There is a secondary reason why young men in this country commit car crimes. They know perfectly well that if they do so they are unlikely to be caught. Of the 400,000 offences that occurred in 1990 only 5,000 offenders went to prison or to a youth offenders' institution. Of those, 4,000 went in for six months or less and only 1,000 out of 400,000 cases were caught and given sentences of six months or more. The bored boy living in an urban high-rise flat, excited by the fast cars he sees belonging to other people and envious of their freedom and lifestyle, knows that the odds are heavily on his side if he simply takes that vehicle and drives it away, regardless of the hideous damage that he may do.

The third question regarding what will stop them from committing this crime is more complex. However, one thing is clear. This Bill is unlikely to do so. I cannot for one moment believe that the new penalties it introduces will act as any sort of deterrent. Deterrents are irrelevant. Deterrents are only effective when people coolly and rationally consider the odds and the penalties. Most car crimes are impulse actions done on the spur of the moment; hardly any of the offenders would be able to give an accurate account of the present penalties. Even if a potential offender of 15, 16 or 17 made a careful study of the new penalties proposed, he would rightly conclude that he had no means of calculating the additionality of the danger in which he stood should things go wrong and his stolen car damaged property or killed or injured someone.

Nor will the threat of obligatory disqualification deter those young men and boys. Thirty-four per cent. of recent offenders were too young to qualify for a licence and there is no terror in the thought that in two or three years' time one may not be able to obtain one. Of the 39 per cent. aged between 17 and 20 a fair proportion had never bothered to obtain a licence in the first place and had absolutely no intention of doing so. Licences mean little to the lawless.

Above all, the possibility of swingeing and unlimited fines will not deter this group of people above all other groups. The majority of the offenders are either too young to have an income or too poor to pay even the modest fines which magistrates deem it sensible to impose. It has been argued elsewhere that since last year's legislation the parents of such young people will now be liable and the sins of the children will be visited upon the fathers. That may be true in some cases. But in many more the parents themselves will be unemployed or living on social security. The courts know full well that heavy fines in such cases are simply unrealistic. They do not get paid.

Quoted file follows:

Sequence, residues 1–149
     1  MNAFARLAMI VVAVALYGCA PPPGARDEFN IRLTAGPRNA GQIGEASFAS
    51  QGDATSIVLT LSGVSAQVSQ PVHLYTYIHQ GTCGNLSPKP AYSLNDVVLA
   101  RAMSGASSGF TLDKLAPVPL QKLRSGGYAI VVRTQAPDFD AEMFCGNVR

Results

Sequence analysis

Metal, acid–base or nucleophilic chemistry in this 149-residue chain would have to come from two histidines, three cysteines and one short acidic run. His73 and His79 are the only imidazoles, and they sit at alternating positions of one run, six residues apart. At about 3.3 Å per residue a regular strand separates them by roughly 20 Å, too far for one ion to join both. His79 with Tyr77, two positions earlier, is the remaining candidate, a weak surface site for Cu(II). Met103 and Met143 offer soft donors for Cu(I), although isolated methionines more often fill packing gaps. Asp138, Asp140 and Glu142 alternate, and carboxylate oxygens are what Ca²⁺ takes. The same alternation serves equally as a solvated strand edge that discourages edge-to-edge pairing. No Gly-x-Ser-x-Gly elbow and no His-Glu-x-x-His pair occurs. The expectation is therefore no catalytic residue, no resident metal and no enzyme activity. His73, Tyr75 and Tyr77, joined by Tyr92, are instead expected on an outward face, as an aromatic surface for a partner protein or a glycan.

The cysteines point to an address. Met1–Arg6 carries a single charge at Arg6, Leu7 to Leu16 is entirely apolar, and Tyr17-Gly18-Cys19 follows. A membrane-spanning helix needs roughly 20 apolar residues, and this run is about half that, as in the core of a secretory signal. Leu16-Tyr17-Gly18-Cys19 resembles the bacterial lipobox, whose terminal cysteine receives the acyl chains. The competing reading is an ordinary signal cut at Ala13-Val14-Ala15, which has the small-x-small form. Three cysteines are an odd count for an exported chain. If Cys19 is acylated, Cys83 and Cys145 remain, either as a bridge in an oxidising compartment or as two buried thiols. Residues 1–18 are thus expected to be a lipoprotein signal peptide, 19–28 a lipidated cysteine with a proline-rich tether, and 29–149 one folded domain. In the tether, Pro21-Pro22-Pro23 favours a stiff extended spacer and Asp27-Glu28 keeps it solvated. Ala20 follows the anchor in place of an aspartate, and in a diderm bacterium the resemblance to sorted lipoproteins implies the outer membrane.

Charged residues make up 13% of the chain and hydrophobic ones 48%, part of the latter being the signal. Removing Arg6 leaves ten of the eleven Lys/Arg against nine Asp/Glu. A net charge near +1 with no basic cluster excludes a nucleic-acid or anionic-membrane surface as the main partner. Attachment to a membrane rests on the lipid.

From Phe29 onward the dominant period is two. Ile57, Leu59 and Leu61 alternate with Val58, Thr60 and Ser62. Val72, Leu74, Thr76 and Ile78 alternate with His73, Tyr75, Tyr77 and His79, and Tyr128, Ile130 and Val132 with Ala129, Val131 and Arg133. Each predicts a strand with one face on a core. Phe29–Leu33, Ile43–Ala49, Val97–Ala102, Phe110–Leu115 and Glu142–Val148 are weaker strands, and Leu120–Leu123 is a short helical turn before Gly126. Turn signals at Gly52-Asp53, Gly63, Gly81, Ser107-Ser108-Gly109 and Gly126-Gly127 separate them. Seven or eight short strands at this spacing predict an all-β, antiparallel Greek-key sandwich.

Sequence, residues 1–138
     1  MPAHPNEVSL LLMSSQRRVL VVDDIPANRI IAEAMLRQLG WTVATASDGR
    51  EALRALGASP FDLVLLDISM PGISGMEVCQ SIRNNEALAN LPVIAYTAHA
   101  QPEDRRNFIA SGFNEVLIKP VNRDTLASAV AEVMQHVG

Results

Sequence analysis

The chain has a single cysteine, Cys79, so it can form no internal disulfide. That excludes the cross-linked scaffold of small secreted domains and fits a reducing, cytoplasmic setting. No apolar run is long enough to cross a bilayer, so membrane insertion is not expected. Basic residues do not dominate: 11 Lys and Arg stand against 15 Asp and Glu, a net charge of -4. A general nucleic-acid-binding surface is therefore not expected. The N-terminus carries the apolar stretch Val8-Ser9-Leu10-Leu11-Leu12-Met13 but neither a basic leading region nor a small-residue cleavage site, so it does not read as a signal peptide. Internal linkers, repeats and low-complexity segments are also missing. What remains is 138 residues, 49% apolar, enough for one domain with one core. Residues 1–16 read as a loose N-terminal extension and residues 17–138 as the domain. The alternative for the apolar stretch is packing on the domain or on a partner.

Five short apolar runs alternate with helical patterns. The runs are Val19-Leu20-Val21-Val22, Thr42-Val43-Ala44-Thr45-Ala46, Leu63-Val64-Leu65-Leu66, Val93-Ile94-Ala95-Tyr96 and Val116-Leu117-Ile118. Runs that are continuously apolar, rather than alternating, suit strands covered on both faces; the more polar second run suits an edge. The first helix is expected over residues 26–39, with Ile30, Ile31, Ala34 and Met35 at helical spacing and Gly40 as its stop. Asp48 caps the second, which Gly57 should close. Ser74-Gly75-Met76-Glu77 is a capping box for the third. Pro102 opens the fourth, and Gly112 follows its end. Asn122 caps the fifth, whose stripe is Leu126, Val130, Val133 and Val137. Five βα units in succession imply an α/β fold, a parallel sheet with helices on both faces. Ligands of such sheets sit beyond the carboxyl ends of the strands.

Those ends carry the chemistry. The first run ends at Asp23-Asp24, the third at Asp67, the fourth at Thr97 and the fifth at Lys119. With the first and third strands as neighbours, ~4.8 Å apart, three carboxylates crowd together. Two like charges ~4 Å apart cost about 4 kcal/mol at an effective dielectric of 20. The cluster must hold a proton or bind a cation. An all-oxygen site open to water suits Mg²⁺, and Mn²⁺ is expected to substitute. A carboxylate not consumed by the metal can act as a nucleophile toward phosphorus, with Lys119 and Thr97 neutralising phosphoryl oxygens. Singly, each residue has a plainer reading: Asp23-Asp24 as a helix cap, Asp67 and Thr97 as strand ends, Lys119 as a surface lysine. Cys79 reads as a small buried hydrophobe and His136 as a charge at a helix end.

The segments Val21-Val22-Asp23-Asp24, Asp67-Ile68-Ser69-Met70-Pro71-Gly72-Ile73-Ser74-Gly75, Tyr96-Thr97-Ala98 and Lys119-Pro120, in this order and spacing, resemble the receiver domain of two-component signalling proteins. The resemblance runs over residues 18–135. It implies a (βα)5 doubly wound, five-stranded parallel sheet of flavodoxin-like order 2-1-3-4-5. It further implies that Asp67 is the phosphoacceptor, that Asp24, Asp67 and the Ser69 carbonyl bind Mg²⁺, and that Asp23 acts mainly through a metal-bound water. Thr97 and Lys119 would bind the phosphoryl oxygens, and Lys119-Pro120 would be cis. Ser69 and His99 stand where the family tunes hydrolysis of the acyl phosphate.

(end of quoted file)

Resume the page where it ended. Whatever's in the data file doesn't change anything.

The one small step forward which the Bill does take and which may influence the actions of potential car crime offenders is that it makes everyone in the car, not merely the driver, liable for the aggravated offence. That is not very likely to reduce the number of offences, but it may deter some young people from simply "going along for the ride". That would be a good thing.

That is the best I can say for this Bill. I must point out the opportunities which have been missed. Car crimes will not decrease until it is made much harder to steal cars. For many years the Government have been discussing car safety with the manufacturers and next to nothing has come of it. Modern technology can produce a means of immobilizing a car, and a Bill to compel the manufacturers to alter their priorities and put safety before in-car entertainment would go a long way towards solving that problem. It has been said that we cannot legislate on this safety matter; progress must be by consultation and by consent. Why so? We legislated over seat belts and great good it did to us.

Similarly, the Government should introduce tax concessions and the insurance companies should reduce premiums for motorists who can show that their cars are as fully protected as possible. It has been suggested in another place that we should buy and use our own wheel clamps and that is not a silly idea. Leicestershire, Warwickshire, South London and other areas have introduced vehicle watch schemes to very good effect. Such schemes should be given Government encouragement and support. But above all research has shown that motor schemes run by local authorities for offenders or for volunteers dramatically reduce the rate of re-offending: 9 per cent. re-offended in the South London area as opposed to 80 per cent. in the surrounding areas. What greater proof do we need! Young people, permitted to explore the forbidden mysteries of powerful engines under supervision, are manifestly less likely to do so unlawfully.

All such opportunities have of course been missed in this very modest and misdirected little Bill before us today. We on these Benches shall not oppose it because there is very little in it which is going to have very much effect. We shall try if we can to improve it, but without very much hope that any real good can result however we amend it. The problem that it attempts feebly to address is large and growing at a frightening rate. It is far more pervasive in our society than the short-lived spectacular events of last autumn in Oxford and the North East of England. Yet it is in a panic reaction to those events that this largely irrelevant little Bill has been conceived.